Little Bookham

Little Bookham

infobox UK place
country = England
latitude= 51.280
longitude= -0.376
official_name= Little Bookham
map_type= Surrey
population =
shire_district= Mole Valley
shire_county = Surrey
region= South East England
constituency_westminster= Mole Valley
post_town= Leatherhead
postcode_district = KT
postcode_area= KT
dial_code= 01372
os_grid_reference= TQ1254

Little Bookham is a village in Surrey, England, located next to Great Bookham, Fetcham and Leatherhead.

Bookham railway station is situated in the village.


It is difficult to conjecture when the parish of Little Bookham was formed. The first documentary evidence can be found after the conversion of England to Christianity in the 7th century. The Venerable Bede states that Erconwald, who became Bishop of London in 674, founded the Benedictine Abbey of St. Peter of Chertsey in 666, and Frithuwald, who was sub-king or regent of Surrey, joined in the grant endowing the abbey with certain lands. Frithuwald, however, seems to have been the subject at that time of Ecgberht, King of Kent, and the charter is stated to have been confirmed by Wulfhere, King of Mercia, to whom the overlordship of Surrey must have been passed before his death in 675. It has been stated that the monastery was first built under King Egbert.

According to a charter C.675, the original of which is lost but which exists in a later form, there was granted to the Abbey twenty dwellings at "Bocham cum Effingham". This was confirmed by four Saxon kings; Offa, "King of the Mercians and of thenations roundabout" in 787; Athelstan who was "King and ruler of the whole island of Britain" in 933 confirmed the privileges to the monastery; King Edgar, "Emperor of all Britain" in 967 confirmed "twelve mansiones" in Bocham, and King Edward the Confessor, "King of the English" in 1062 confirmed twenty "mansae" at Bocham cum Effingham, Driteham and Pechingeorde. Driteham and Pechingeorde are both referred to in the Domesday Book and appear to have been absorbed into the manors of Effingham and Effingham East Court.

Little Bookham lay within the Anglo-Saxon administrative district of Effingham half hundred.

Little Bookham appears in Domesday Book as "Bocheham". It was held by Halsard from William de Braiose. Its Domesday Assets were: 2 hides; 2 ploughs, convert|4|acre|m2 of meadow, herbage and pannage worth 11 hogs. It rendered (in total): £3. [ [ Domesday Book for Surrey] ]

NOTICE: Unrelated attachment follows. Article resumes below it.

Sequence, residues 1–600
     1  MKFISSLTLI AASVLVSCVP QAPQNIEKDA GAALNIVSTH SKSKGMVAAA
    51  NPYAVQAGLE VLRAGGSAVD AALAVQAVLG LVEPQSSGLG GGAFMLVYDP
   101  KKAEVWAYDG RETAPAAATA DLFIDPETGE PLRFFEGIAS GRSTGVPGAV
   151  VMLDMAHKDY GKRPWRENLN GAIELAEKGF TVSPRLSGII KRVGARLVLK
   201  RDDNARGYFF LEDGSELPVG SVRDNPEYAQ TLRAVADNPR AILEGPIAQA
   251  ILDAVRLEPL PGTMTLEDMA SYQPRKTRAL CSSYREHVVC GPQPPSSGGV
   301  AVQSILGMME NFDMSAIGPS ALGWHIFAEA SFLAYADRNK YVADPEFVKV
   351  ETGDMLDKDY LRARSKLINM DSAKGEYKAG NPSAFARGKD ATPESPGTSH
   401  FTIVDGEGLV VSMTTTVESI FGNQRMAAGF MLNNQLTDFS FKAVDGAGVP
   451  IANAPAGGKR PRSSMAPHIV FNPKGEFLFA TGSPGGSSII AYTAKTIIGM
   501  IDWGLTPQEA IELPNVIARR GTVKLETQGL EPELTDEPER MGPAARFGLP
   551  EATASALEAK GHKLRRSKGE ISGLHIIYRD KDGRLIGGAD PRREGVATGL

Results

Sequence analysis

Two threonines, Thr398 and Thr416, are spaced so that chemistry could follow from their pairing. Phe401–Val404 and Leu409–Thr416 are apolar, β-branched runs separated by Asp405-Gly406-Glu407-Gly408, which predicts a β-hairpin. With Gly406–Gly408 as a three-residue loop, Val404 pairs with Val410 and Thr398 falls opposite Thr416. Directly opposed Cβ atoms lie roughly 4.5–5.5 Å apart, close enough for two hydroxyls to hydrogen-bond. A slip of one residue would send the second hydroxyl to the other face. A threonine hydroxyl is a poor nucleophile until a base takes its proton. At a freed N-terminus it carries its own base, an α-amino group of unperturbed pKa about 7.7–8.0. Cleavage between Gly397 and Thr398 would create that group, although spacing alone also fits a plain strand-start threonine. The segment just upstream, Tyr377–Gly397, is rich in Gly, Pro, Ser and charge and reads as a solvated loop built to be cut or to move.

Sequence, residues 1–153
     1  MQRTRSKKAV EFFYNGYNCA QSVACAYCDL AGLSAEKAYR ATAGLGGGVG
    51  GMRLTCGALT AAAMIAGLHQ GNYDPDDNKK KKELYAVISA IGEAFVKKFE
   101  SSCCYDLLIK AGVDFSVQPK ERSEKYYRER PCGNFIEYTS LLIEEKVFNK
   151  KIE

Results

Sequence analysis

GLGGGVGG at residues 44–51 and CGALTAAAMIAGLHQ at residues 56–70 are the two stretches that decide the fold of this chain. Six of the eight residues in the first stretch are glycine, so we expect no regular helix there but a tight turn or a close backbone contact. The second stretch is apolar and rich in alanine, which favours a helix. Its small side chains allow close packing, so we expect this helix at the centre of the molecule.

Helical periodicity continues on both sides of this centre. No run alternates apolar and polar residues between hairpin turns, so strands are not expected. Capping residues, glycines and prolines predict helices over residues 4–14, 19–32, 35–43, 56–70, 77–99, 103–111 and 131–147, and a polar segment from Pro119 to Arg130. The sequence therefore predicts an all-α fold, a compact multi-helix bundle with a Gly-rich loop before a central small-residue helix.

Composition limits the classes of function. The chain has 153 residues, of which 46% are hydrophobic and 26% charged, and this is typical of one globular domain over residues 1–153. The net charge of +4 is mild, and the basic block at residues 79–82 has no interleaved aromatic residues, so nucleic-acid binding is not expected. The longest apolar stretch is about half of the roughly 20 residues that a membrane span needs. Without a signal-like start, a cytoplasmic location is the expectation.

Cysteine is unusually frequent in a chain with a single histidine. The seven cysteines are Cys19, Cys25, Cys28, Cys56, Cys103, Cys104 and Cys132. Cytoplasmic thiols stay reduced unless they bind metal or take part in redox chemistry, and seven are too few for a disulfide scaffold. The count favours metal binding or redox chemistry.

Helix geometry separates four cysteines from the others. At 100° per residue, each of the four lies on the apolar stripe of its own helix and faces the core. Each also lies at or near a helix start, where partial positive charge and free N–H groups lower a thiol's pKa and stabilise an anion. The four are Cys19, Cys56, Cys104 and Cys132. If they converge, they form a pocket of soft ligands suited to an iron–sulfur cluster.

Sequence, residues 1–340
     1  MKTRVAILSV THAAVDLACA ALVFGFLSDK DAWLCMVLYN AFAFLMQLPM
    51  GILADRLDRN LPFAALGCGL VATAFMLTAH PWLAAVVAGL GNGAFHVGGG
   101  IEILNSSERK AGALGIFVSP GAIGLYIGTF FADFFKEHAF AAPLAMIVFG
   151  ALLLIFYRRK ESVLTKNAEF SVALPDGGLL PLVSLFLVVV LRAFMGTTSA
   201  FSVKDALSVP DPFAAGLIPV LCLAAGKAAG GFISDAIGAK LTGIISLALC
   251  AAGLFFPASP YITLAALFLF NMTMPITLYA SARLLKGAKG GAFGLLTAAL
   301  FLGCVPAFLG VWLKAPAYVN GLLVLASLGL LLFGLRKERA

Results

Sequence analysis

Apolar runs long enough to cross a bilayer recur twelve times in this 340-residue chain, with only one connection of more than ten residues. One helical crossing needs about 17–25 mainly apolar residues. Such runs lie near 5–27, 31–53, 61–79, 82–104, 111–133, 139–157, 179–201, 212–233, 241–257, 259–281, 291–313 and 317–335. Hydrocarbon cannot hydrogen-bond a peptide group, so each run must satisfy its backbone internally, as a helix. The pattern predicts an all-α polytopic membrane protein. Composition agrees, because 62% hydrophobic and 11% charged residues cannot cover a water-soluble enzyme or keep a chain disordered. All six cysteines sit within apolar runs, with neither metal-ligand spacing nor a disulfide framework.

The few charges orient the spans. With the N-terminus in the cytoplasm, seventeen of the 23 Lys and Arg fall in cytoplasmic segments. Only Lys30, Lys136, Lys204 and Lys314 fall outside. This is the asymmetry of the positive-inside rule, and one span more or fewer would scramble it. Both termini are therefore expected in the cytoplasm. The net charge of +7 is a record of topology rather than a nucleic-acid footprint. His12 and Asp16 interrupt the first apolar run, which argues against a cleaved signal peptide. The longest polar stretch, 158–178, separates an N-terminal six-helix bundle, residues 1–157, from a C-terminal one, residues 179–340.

Parts of the present parish of Effingham, however, lying to the east of EffinghamCommon Road at one time belonged to the parish of Little Bookham. The charters of Frithwald, Offa, Edgar and Edward the Confessor are all believed to be substantially fabricated, but probably embodied authentic material or recorded an earlier genuine transaction. These charters were probably written at a later date than stated in order to confirm a position which was thought to have existed at that earlier date. The Charter of Athelstan, however, is believed to be complete fabrication.

It seems probable, as the number of cottages in Bocham cum Effingham remained constant, that the later charters must have been copies of earlier charters which were not revised to accord with the actual number of cottages at any one time.

Domesday Book record

The Domesday Book 1086, which was a survey for taxation purposes, makes the first known distinction between the parishes of Great and Little Bookham. If it is assumed that there was no separate parish at the time of the charter of Edward the Confessor in 1062. As the Domesday Book makes no reference to there being a church in Little Bookham, then the church must have been built sometime subsequent to that date and that the parish of Little Bookham is evidently a slice cut from the parish of Bookham. By way of confirmation of this supposition that there is no distinction between the two parishes, as recently as 1824, lay documents relate to land transactions, in which land was described as being "in Great Bookham in the parish of Bookham".

The Domesday survey refers to the manor of Little Bookham being held by Halsard of William de Braose, Lord of Bramber, and the manor appears to have remained in the Halsard or Hansard family until about 1291. It would seem, therefore, that Little Bookham Parish Church was built by the Hansard family about 1100 and probably at first was a manorial chapel.

ee also

* Bookham Commons


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